Addressing negative behaviors early and clearly helps keep a bad attitude from becoming a bad mindset.
Everyone has those days when you wake up with a case of a bad attitude. Maybe you face a task you don’t want to complete, didn’t get a good night’s sleep, or something else. But with some proactive thinking, you can change your attitude to get through the day. Or maybe you don’t, and then your next day mimics the one before, until it becomes a cycle you have to break.
Your horse can face a similar situation and express it by pinning his ears when you go to catch him or turning around and biting at your boot once you’re in the saddle. It’s up to you to adjust his attitude to keep it from becoming habit. Here’s the course of action I recommend to prevent his grumpy day from becoming his everyday demeanor.
First, Address the Physical
When your horse starts demonstrating negative behaviors on the ground and/or in the saddle, a smart first move is to call your vet. Very often, these new bad behaviors can come from easily solved medical concerns, such as teeth that need floating or ulcers that need treating. By catching these problems early, you’ll prevent the behaviors from becoming habits, but more importantly, you’ll preserve your horse’s health. Arm yourself with the most detailed information possible so you can give your vet a full picture of what’s going on. Then you can work together on the best course of action to solve the issues.
Next, Check Your Riding
Nobody likes a nag or a nitpicker, your horse included. When you begin to notice your horse responding negatively to your cues, consider your approach.
Weak/feeble attempts at correction—picking—will probably only cause your horse to be more annoyed with you. If your horse does something wrong, address it, correct it, and move on. It’s a fine balance of being over- and under-aggressive, and being consistent in your response. Also, check if you constantly have your spurs in your horse. I see this happen way too often, and it gets on the horse’s nerves. Get those spurs out of his sides and use your legs. Proper spur use dictates that your leg is separate from the spur, so you start with leg pressure, then move to your feet, then the spur.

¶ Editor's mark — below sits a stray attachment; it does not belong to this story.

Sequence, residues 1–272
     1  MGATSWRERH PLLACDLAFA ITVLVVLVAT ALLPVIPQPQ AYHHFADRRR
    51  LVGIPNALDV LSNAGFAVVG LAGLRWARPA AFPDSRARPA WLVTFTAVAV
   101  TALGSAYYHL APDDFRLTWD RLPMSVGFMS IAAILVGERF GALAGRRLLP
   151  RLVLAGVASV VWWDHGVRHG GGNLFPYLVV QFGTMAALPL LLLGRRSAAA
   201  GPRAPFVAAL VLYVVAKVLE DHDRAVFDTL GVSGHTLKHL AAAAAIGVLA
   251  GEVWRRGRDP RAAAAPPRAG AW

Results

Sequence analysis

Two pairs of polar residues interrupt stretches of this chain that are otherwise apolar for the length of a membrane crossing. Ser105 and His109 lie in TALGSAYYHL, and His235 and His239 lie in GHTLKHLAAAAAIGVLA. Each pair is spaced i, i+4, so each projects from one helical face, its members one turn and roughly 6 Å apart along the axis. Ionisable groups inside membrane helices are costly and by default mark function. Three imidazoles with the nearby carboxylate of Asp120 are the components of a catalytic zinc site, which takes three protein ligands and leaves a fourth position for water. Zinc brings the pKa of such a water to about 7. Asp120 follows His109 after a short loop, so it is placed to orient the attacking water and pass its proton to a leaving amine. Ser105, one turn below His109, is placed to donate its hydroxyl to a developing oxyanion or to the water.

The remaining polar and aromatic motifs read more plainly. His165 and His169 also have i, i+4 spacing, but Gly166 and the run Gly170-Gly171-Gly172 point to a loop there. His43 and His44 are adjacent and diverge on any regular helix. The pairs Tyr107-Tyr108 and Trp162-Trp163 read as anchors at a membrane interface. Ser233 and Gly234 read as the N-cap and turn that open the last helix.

Most horses respond best to direct communication from a confident leader. This doesn’t mean you’re a tyrant; you can love your horse and still be the leader who provides clear cues.
Then, Fix the Problem
Once you’ve ruled out veterinary issues and your own riding mistakes, it’s time to fix the negative behavior. Here are a few I commonly see and ways to remedy the problem.
Tail Switching. I’ve ridden some horses that switch their tails out of habit—they’re not upset, they’re riding right, they don’t have any problems. They just have a habit of moving their tail. One thing you can do is tie the tail in a braid, then loosely attach the end of the braid to one of the D-rings on the rear of your saddle. The horse learns he doesn’t have to switch his tail all the time. I sometimes feel like tail bags can cause tail switching. The horse gets used to popping that bag, and it becomes a nervous tic. I suggest not using a tail bag, and instead using good tail care and maintenance to keep it healthy. If your horse has an extra-long tail, consider tying it up in a sock instead of a bag.
If that’s not the problem, it’s likely a reaction to nitpicking by you or annoyance caused by flies. Keep your horse well protected with fly spray, and be mindful of your riding.
Boot Biting. First of all, ask yourself, “Why is my horse’s head back here?” It shouldn’t be there. If you ride with your reins properly adjusted, your horse should go between the reins. There’s a reason your horse chooses to go with his head bent around, usually a rider error. Are your reins even? Are you using your legs to ride your horse from back to front? Do you ride more strongly with one leg than the other? Pay attention to your own tendencies.
If it’s just your horse being nasty, pull him around in the other direction and keep him out of your space. Also, please consider the veterinary pathway discussed earlier. Horses look at their bellies when they colic or are in pain from ulcers.
Ear Pinning. Laid-back ears can mean many things, but if it’s a sign of resistance or a bad attitude, address it immediately. I prefer to shake my horse off the bit and make him go forward instead of backing up. Backing can cause stiffness, whereas going forward and pulling your horse around keeps him moving and working. When your horse is working, his mind can’t focus on being annoyed. But along with this, be sure you’re not the one doing the annoying.
Bit Chomping. As irritating as it might be, some horses just chomp the bit. I have a really great horse that’s won $200,000, and he chomps on that bit nonstop unless he’s working. It’s just in his personality. Using a cavesson (noseband) can help, but be sure it’s adjusted properly to allow unrestricted breathing. A too-tight cavesson—or any poorly adjusted or improperly fitting piece of tack—can cause many of the problems we’re discussing here.
Keep Up the Work
Negative behaviors and habits take work to change. Be consistent in your correction, accurate with your timing, and mindful of your own riding. Once you instill this mindset to your riding, your horse will be less likely to develop bad habits in the first place, thanks to your efforts.